What is Tendinitis?
Tendinitis is the inflammation of a tendon. Tendons are thick cords of tissue that connect muscles to bone.
Achilles tendinitis, or an inflammation of the Achilles tendon, is one of the most common causes of foot or ankle pain. Other types of foot/ankle tendinitis include posterior tibial tendinitis and peroneal tendinitis.
Tendinitis can result from an injury or over-use. Improper stretching prior to exertion or incorrect form during physical activity can also contribute to the development of tendinitis. Some people, including those with “flat feet,” tight tendons or arthritis, are particularly prone to tendinitis.
Pain is the most prominent symptom of tendinitis. The pain will be most noticeable when you try to move that part of your body. The involved tendon may swell.
Rest and ice can ease the pain of tendinitis. Stay off your foot or ankle as much as possible and apply ice for up to 15 minutes at a time, three to four times a day.
When to Visit a Podiatrist
If the pain doesn’t go away with ice and rest, or if the pain persists beyond a week, it’s time to see a podiatrist. Don’t wait! Tendinitis can become a chronic problem, and it’s a lot harder to treat chronic problems than acute injuries.
Diagnosis and Treatment
Your podiatrist will ask you some questions about your pain and general health and perform a complete physical examination of your feet and ankles. X-rays or an MRI might be ordered to rule out any other problems, such as a fracture or torn tendon.
Treatment will focus on relieving the pain and preventing further injury. Your podiatrist may create shoe inserts or a soft cast to effectively immobilize the affected area for a period of time. (Often, a couple of weeks are needed for the tendon to heal.) Medication can help too. Your podiatrist may recommend or prescribe oral medication.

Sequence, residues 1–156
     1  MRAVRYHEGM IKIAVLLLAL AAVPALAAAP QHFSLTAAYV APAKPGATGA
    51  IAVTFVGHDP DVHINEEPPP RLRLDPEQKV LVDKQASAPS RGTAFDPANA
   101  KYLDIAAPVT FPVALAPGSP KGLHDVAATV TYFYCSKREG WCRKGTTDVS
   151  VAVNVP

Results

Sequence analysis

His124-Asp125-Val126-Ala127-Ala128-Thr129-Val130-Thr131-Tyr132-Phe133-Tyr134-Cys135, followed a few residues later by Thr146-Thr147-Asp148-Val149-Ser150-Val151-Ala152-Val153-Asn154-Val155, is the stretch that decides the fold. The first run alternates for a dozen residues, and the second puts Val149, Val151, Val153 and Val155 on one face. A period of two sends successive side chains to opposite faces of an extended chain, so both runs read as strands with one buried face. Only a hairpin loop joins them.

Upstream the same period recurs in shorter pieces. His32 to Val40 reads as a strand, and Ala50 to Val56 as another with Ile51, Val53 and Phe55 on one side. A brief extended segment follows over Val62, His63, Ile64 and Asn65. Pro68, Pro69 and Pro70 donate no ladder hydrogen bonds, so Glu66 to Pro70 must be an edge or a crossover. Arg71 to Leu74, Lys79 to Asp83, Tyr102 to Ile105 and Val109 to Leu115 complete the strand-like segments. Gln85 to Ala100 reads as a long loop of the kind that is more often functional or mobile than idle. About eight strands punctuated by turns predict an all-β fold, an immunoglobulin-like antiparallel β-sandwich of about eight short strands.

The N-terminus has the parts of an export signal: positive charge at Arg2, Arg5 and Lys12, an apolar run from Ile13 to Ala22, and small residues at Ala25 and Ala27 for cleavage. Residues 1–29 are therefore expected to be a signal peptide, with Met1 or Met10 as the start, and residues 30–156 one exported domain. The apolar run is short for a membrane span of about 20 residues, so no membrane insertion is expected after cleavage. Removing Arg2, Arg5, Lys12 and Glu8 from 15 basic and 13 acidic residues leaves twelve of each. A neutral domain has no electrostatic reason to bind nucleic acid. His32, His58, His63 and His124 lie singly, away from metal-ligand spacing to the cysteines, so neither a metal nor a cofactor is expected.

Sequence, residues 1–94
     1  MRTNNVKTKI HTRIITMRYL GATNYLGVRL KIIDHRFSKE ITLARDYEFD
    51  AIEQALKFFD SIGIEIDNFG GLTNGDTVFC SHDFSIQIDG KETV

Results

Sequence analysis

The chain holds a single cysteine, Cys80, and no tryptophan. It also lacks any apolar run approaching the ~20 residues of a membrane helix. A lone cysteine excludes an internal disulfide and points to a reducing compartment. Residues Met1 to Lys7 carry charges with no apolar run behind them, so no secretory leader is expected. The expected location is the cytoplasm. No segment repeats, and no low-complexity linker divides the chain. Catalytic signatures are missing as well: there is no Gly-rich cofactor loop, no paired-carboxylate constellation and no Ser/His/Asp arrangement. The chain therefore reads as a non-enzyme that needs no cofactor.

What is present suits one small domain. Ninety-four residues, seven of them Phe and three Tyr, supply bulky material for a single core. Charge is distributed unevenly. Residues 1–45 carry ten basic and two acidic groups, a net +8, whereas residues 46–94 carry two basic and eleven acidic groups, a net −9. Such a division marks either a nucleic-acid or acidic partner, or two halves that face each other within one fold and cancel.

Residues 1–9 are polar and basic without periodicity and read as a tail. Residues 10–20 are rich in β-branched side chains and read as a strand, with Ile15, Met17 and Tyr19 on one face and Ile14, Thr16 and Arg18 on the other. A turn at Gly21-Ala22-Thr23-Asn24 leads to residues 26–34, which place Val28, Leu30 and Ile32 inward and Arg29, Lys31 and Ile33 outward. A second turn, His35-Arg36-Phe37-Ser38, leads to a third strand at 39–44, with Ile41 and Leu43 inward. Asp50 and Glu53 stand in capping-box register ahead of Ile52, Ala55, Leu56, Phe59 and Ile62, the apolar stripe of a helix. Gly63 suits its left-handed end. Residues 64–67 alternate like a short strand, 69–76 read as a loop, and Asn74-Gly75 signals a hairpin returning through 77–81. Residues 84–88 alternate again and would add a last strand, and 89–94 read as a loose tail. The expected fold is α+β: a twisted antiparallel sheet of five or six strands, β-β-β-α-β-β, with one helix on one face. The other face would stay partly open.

Your podiatrist will work with you to decrease your chances of re-developing tendinitis. He or she may create custom orthotics to help control the motion of your feet. He or she may also recommend certain stretches or exercises to increase the tendon’s elasticity and strengthen the muscles attached to the tendon.
Gradually increasing your activity level with an appropriate training schedule—building up to a 5K run, for instance, instead of simply tackling the whole course the first day—can also help prevent tendinitis.
Founded in 1912, the American Podiatric Medical Association (APMA), headquartered in Bethesda, MD, is the leading resource for foot and ankle health information. Currently, the organization represents a vast majority of the estimated 15,000 podiatrists in the country. In addition to the national headquarters, APMA boasts 53 state component locations throughout the United States and its territories, as well as affiliated societies. In 2012, APMA celebrated its 100th Anniversary. Learn more about the APMA.